Rob Rossicone
Brooklyn, N.Y.

Здравствуйте Бучий! (That is Russian for "Hello Bucci!")

In regard to whether or not Russia is Asian or European, the Ural Mountains are the generally accepted border between Europe and Asia, and Russia straddles them. So, which side a player is born on would technically determine whether he is "Asian" or "European." However, most Russians, and Russian hockey players, live on the west side. There are, of course, exceptions. Evgeni Malkin, Sergei Gonchar and Evgeni Nabokov are all from the east side of the mountains. But if you were going to bet on which continent a Russian was from, I would take Europe over Asia.

John,

In response to your reader's question about Russia, it could be argued that Russia is transcontinental with the Eastern portion being in Europe.

But then again, we could get into the debate as to whether or not Europe and Asia are actually separate continents. One could argue that they are one landmass, thus making Europe and Asia regions of the continent Eurasia. Therefore, Russian hockey players could be called Eurasian.

To take it further, Asia, Europe, and Africa could be argued to be one landmass sharing a continental shelf thus creating Africa-Eurasia. I guess that would make Africaeurasians.

Jim
New Jersey

Shut up, Jim.


JB,

It was mentioned in another ESPN.com column (have no fear, I always read yours!) about the chorus of boos that ensued when the singing of "O Canada" began at the Penguins-Senators game last night. My best friend Brian and I were there, and both stood quietly in respect for the entire song.

Being a member of the United States Air Force Reserve, I am as proud as anyone of my country and the wonderful anthem it possesses. That pride, and the emotionality it evokes when those notes and words strike up, were foreshadowing for the career I would finally
pursue. Part of representing my country, however, is showing the due respect when another country's national anthem plays. I stood at attention, feeling no small amount of shame. My only assuagement was hearing the boos trail off within the first 20 seconds as these people realized the crowd was not joining in their ignorance.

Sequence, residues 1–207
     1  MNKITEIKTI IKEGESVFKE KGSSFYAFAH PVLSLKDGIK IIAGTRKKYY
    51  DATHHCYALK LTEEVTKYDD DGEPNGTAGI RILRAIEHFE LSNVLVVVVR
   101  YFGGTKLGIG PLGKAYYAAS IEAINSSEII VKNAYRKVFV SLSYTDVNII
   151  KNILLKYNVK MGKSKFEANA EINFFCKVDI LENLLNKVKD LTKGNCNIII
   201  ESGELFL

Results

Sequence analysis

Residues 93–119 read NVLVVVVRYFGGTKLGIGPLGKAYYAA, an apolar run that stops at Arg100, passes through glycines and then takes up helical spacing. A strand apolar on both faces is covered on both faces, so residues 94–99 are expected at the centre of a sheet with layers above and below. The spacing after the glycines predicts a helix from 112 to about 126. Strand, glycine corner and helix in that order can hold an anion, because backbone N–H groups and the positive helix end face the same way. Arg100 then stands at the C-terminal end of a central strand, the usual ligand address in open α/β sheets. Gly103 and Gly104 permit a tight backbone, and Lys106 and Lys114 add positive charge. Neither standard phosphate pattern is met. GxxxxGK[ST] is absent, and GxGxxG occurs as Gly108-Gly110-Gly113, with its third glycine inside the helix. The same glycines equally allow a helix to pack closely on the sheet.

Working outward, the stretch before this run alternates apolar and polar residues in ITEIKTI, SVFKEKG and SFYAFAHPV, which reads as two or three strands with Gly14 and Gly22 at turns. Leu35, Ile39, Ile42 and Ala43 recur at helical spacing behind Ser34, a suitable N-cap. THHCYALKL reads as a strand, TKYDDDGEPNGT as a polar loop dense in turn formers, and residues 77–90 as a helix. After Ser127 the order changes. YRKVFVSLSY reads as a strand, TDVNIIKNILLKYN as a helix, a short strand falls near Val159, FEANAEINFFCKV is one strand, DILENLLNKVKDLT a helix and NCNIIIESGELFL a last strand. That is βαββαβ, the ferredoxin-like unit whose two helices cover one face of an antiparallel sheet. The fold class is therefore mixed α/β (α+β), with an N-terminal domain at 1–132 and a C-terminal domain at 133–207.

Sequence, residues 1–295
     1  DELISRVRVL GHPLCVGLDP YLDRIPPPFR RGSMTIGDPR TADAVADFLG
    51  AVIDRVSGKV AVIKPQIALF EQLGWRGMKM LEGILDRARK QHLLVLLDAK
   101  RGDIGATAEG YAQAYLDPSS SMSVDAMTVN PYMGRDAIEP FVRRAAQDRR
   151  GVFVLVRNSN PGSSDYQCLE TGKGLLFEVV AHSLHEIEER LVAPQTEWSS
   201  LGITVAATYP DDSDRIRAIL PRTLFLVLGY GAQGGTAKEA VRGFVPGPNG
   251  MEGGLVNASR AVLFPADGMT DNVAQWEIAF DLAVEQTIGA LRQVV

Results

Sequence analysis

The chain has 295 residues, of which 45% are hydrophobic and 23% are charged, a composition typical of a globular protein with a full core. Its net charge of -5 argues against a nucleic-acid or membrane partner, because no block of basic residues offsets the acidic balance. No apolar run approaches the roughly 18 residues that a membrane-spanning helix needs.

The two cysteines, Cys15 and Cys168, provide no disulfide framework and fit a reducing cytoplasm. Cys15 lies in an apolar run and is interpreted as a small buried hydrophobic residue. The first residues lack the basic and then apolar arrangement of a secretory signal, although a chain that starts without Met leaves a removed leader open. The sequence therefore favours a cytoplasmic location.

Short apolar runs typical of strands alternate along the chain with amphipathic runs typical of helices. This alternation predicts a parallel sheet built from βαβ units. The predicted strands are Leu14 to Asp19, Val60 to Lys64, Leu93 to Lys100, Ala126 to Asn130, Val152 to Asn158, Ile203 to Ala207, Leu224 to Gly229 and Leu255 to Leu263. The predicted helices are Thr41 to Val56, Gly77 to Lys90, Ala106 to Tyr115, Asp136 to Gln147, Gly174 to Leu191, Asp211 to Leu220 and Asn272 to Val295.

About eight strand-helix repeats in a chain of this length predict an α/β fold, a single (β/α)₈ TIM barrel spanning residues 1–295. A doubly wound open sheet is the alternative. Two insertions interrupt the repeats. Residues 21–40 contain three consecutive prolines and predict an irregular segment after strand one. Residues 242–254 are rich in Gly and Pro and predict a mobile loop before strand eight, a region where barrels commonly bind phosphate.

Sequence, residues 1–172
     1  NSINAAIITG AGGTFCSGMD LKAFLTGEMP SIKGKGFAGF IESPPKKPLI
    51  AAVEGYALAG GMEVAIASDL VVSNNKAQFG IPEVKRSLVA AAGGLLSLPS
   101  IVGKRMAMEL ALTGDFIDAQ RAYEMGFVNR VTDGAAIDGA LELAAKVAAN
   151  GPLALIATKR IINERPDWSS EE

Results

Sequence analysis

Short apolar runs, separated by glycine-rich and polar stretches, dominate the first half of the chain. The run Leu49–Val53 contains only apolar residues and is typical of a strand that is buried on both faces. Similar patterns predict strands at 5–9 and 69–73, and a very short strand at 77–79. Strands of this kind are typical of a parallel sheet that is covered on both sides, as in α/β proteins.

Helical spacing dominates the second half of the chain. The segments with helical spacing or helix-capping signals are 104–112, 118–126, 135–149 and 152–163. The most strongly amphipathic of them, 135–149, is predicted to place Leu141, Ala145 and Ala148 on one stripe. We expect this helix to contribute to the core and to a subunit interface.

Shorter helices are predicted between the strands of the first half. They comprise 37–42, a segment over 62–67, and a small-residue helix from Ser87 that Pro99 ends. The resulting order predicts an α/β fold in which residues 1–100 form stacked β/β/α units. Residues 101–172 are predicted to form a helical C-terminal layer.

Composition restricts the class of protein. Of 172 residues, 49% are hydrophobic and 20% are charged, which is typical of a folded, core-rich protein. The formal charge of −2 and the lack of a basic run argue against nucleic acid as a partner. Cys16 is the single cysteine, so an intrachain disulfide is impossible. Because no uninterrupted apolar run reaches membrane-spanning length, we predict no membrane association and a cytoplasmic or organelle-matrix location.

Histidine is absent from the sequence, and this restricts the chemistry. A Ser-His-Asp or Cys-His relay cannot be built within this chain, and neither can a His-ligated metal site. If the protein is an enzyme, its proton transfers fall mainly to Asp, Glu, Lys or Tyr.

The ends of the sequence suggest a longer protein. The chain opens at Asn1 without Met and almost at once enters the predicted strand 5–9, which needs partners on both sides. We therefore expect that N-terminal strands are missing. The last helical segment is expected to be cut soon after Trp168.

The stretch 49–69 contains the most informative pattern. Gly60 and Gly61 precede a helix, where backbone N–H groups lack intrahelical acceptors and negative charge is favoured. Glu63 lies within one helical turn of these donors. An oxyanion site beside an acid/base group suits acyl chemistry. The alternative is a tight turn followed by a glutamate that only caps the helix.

The majority of those in attendance applauded, as well.

Let's Go Pens!
Senior Airman James C. Abel
911th Airlift Wing
Pittsburgh

For the love of God, people! Please stop booing national anthems. Boo property taxes, boo toast that disintegrates when you try to butter it, boo sloppy, drunk people at Guster concerts. But do not boo anthems. You couldn't be a bigger tool if you do.


Hey John,

As an avid Devils fan, it is so irritating to me that not a single game of the Devils-Lightning series is being televised on Versus or NBC. NOT ONE GAME! Others series have multiple games! Why the disrespect to both teams? It's so unfair. I wait all year for Devils playoff action to get nothing in return. Thanks, NHL.

Phil Allen

The Devils and Lightning don't rate well nationally. The Devils' playoff ratings have improved a lot, but they are not near the Red Wings, Rangers or Sabres.


Hi John,

I responded a couple weeks ago to your comments on Chris Neil and his hit on Drury. You were -- in my opinion -- wrong in your verbal and written statements condemning Neil. Now, I wonder if you will drink the Kool-Aid with your Versus brethren and say [Colby] Armstrong's hit on [Patrick] Eaves was OK. I suspect you will give the same opinion of the Versus talking heads -- your pal [Keith] Jones -- that Armstrong was not at fault. I am even more curious if you mention this at all in your column this week.

Your loyal but discerning reader,
Charlie St. Clair
Hickory, N.C.

Drury was hit from his blind spot after the puck was gone. Eaves was hit straight-on as he carried the puck. Two different hits. That being said, a lot of those kinds of hits don't seem to gain a competitive advantage. Armstrong could have been strong on the puck and broken up the play. Why does he have to throw his shoulder pad into Eaves' head? I understand part of it is to set a tone and create fear in the opponent's pre-concussed head, but those hits end up making one feel nauseous. But Keith Jones, who played the game, said the hit was clean and Eaves needs to keep his head up. I won't argue with him. It just seems like it's so hard for those puck carriers to defend themselves on that offensive zone wheel-around move. Part of the game, I guess.


Hey John,